used to convery higher-level feedback, from one application to used to convey higher-level feedback, from one application to
another, above the level of codecs or transport (see [RFC4585] another, above the level of codecs or transport (see [RFC4585]
sections 6.4 and 9). sections 6.4 and 9).
* A new RTCP APP packet is appropriate for private use by * A new RTCP APP packet is appropriate for private use by
applications that don't need to interoperate with others, or applications that don't need to interoperate with others, or
for experimentation before registering a new RTCP packet type for experimentation before registering a new RTCP packet type
([RFC3550] section 6.7). It is not appropriate to define a new ([RFC3550] section 6.7). It is not appropriate to define a new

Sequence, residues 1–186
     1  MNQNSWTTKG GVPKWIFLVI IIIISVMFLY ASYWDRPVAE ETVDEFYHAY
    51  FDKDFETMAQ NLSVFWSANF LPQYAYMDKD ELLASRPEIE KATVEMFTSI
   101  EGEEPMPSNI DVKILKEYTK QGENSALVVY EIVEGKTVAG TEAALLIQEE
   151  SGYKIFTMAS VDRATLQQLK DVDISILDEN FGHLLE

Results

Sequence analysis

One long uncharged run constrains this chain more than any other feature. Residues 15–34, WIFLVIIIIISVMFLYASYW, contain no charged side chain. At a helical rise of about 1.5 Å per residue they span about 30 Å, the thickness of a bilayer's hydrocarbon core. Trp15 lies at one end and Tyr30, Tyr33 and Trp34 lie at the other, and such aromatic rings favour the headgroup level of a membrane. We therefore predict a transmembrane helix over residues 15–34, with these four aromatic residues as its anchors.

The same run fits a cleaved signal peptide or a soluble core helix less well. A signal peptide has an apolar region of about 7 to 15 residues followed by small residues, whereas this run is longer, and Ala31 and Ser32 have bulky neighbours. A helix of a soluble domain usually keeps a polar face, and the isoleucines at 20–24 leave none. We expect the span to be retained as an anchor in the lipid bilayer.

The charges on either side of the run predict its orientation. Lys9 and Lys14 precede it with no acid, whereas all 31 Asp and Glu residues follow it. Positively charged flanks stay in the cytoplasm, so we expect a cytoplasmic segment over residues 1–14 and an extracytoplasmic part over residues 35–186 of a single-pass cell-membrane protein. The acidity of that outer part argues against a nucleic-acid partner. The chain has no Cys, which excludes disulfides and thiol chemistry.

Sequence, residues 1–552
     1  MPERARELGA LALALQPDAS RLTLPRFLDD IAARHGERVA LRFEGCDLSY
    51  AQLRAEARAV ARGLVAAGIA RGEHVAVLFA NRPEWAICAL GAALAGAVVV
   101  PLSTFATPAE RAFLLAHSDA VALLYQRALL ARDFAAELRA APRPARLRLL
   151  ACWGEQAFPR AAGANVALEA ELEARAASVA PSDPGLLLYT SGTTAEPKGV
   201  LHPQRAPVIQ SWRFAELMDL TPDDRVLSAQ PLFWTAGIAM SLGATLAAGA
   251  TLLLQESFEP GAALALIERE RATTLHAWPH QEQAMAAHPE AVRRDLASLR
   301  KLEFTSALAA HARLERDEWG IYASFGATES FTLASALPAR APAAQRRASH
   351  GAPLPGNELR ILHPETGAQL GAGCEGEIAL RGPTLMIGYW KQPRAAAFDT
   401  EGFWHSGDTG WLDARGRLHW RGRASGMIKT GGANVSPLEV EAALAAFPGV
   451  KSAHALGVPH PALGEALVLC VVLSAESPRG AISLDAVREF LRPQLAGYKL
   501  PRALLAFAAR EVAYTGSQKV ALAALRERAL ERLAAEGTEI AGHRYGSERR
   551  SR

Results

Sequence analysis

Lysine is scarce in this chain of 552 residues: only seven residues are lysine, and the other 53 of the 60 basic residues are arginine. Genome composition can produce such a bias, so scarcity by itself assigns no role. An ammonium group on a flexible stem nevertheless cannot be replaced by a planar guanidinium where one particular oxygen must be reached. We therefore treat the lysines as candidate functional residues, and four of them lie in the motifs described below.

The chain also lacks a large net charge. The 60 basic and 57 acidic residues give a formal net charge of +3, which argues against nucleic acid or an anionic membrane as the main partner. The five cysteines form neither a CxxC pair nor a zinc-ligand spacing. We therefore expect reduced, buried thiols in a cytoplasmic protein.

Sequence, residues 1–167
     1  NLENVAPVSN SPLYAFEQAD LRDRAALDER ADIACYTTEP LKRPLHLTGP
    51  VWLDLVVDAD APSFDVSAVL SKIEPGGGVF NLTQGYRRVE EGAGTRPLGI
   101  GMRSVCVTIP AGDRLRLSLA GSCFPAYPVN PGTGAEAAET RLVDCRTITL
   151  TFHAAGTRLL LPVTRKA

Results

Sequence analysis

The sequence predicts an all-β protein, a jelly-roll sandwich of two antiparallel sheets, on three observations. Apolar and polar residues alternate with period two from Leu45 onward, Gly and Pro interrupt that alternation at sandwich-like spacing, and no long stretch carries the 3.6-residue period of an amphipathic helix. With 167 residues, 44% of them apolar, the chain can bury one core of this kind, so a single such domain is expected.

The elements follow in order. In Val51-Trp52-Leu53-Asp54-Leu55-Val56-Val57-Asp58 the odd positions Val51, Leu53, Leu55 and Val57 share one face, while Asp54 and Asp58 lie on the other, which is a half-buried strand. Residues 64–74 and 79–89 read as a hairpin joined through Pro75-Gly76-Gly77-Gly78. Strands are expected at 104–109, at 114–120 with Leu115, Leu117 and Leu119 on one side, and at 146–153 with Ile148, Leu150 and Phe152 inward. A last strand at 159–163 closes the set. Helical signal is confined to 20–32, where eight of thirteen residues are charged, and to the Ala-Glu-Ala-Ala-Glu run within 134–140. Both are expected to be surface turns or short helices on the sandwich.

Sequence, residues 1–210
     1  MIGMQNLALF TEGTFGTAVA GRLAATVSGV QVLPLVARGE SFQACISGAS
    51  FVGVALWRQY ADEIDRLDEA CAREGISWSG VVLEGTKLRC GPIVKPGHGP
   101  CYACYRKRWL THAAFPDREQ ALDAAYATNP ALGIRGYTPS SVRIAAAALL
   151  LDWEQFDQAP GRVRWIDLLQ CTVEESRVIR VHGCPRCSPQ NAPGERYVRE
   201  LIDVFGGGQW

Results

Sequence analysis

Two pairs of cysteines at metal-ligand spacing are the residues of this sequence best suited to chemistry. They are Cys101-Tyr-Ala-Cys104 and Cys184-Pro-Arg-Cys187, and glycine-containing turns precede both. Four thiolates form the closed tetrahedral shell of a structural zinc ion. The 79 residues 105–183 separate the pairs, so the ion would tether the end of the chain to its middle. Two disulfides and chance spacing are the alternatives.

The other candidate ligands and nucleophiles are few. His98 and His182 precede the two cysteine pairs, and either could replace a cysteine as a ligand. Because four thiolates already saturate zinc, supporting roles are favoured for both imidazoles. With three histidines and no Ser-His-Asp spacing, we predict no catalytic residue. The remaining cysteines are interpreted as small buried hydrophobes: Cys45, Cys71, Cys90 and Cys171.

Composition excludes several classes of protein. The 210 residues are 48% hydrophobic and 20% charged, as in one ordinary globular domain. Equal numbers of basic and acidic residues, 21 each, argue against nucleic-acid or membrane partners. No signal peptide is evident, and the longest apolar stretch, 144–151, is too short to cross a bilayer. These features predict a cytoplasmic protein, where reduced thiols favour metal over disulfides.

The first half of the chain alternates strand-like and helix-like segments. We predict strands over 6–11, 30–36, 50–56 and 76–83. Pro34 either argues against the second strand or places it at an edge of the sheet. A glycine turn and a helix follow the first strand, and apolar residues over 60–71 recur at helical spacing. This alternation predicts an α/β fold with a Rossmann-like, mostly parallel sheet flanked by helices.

RTCP APP packet in a standards document: use one of the other RTCP APP packet in a standards document: use one of the other
extension points, or define a new RTCP packet type instead. extension points, or define a new RTCP packet type instead.
skipping to change at page 14, line 27 skipping to change at page 14, line 27
The RTP framework was designed following the principle of application The RTP framework was designed following the principle of application
level framing with integrated layer processing, proposed by Clark and level framing with integrated layer processing, proposed by Clark and
Tennenhouse [ALF]. Effective use of RTP requires that extensions and Tennenhouse [ALF]. Effective use of RTP requires that extensions and
implementations be designed and built following the same philosophy. implementations be designed and built following the same philosophy.
That philosophy differs markedly from many previous systems in this That philosophy differs markedly from many previous systems in this
space, and making effective use of RTP requires an understanding of space, and making effective use of RTP requires an understanding of
those differences. those differences.
6. Security Considerations 6. Security Considerations
This memo does not specify any new protocol mechansims or procedures, This memo does not specify any new protocol mechanisms or procedures,